Milling Process: The milling process is commonly used for production of metallic powder. It is carried out by using equipments such as ball mill, impact mill, eddy mill, disk mill, vortex mill, etc. Milling and grinding process can easily be employed for brittle, tougher, malleable, ductile and harder metals to pulverize them. A ball mill is a horizontal barrel shaped container holding a quantity of balls, which, being free to tumble about as the container rotates, crush and abrade any powder particles that are introduced into the container. Generally, a large mass to be powdered, first of all, goes through heavy crushing machines, then through crushing rolls and finally through a ball mill to produce successively finer grades of powder.
Condensation of Metal Powders: This process can be applied in case of metals, such as Zn, Cd and Mg, which can be boiled and the vapors are condensed in a powder form. Generally a rod of metal say Zn is fed into a high temperature flame and vaporized droplets of metal are then allowed to condense on to a cool surface of a material to which they will not adhere. This method is not highly suitable for large scale production of powder.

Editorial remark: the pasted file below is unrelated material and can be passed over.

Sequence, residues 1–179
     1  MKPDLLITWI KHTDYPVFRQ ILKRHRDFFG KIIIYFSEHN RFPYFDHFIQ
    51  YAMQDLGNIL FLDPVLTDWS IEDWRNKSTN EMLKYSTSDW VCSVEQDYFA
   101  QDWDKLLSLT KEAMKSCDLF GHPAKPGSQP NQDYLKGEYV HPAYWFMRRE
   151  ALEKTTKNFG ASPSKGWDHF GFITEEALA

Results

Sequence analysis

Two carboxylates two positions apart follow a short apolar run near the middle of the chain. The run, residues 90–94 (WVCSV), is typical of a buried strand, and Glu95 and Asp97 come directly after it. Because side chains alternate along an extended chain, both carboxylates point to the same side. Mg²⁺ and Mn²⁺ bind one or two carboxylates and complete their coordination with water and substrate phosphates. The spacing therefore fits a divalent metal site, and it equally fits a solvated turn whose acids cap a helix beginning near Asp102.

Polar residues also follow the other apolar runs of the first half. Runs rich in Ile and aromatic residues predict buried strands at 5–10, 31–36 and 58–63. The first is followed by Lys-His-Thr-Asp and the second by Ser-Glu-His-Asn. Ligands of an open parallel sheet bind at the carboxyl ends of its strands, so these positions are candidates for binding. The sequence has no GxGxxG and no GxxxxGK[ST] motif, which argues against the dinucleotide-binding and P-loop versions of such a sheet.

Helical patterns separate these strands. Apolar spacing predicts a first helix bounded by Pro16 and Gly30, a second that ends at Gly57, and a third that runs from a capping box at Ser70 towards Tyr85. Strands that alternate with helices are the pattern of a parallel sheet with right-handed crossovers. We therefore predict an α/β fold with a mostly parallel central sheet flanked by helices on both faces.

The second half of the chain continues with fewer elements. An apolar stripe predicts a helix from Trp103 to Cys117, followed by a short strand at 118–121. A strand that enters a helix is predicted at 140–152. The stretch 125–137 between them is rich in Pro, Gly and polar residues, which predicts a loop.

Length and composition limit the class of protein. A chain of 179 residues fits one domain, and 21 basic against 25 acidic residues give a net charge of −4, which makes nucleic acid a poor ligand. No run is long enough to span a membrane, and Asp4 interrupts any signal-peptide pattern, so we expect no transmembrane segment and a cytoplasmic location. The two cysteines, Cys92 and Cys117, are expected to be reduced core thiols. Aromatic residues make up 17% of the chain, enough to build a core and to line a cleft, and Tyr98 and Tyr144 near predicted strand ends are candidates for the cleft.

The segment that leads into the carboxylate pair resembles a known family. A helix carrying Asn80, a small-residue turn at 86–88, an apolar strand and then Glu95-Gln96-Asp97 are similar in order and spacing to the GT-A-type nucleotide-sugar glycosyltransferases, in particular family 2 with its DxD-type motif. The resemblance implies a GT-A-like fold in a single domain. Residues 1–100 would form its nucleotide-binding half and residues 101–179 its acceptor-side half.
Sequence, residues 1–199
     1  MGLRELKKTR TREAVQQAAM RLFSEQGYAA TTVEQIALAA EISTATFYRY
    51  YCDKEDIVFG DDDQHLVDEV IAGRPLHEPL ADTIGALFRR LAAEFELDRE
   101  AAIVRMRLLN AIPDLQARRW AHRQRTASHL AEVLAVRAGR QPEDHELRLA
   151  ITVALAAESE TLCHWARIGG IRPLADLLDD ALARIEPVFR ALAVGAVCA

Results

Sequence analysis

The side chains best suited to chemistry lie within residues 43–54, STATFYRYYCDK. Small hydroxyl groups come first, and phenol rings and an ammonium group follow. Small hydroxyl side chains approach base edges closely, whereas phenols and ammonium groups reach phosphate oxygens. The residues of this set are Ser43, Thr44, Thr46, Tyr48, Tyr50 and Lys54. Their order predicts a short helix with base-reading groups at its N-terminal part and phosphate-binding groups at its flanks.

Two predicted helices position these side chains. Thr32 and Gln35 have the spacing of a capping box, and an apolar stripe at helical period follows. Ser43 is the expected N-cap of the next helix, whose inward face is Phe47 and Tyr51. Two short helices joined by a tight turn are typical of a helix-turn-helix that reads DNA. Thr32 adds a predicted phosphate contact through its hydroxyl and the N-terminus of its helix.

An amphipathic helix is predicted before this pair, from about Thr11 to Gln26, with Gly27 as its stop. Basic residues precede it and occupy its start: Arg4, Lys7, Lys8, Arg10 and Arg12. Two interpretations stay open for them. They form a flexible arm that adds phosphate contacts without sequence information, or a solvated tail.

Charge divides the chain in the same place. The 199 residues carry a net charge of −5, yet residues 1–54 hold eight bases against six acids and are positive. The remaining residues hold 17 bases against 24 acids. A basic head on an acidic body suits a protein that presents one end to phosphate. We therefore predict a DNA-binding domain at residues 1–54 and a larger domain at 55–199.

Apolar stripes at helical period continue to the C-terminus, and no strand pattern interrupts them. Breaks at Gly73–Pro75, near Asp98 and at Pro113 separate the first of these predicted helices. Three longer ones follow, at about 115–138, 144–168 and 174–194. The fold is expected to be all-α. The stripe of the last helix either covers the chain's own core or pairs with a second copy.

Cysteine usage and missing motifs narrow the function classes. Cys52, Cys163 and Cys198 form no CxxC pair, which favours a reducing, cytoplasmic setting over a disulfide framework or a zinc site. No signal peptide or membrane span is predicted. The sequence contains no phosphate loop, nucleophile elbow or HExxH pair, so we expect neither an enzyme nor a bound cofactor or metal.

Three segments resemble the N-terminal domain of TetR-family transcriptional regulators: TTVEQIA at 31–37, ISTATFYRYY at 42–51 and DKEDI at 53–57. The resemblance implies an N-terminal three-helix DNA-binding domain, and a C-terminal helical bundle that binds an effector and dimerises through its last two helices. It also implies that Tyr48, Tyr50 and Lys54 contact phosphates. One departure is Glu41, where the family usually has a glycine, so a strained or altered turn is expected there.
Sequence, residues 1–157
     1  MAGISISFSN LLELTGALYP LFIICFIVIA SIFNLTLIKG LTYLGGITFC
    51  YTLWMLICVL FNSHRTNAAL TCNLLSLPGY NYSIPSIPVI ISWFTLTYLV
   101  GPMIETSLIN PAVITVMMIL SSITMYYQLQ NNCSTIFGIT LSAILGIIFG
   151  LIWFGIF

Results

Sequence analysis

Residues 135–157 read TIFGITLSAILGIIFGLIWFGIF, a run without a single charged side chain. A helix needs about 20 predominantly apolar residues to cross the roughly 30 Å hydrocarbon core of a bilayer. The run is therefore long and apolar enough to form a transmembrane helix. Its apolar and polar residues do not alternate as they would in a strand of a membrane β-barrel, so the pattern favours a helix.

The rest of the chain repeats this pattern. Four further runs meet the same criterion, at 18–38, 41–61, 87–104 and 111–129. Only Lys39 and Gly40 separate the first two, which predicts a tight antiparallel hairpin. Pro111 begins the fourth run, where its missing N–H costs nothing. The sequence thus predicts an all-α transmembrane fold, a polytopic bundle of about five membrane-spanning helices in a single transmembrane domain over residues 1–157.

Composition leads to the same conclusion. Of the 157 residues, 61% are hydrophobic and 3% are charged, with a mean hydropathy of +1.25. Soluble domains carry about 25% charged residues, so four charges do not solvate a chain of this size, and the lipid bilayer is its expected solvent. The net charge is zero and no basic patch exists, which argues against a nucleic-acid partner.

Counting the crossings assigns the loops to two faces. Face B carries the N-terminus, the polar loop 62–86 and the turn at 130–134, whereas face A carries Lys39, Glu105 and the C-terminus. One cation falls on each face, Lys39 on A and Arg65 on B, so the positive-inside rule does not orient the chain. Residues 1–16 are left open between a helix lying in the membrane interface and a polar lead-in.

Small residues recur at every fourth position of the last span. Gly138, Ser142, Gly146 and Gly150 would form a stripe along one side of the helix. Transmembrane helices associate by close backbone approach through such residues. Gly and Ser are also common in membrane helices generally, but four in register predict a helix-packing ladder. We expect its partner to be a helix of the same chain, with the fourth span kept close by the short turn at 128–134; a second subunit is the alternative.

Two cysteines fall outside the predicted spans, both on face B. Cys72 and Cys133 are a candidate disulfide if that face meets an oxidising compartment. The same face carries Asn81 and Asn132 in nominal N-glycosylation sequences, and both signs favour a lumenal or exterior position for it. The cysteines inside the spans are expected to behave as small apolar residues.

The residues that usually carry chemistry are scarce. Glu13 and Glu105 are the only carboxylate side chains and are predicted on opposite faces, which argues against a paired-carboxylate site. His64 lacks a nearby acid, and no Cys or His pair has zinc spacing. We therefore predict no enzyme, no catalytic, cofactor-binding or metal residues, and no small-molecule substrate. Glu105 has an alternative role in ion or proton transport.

Hydride and Carbonyl Processes: High hardness oriented metals such as tantalum, niobium and zirconium are made to combine with hydrogen form hydrides that are stable at room temperature, but to begin to dissociate into hydrogen and the pure metal when heated to about 350°C. Similarly nickel and
iron can be made to combine with CO to form volatile carbonyls. The carbonyl vapor is then decomposed in a cooled chamber so that almost spherical particles of very pure metals are deposited.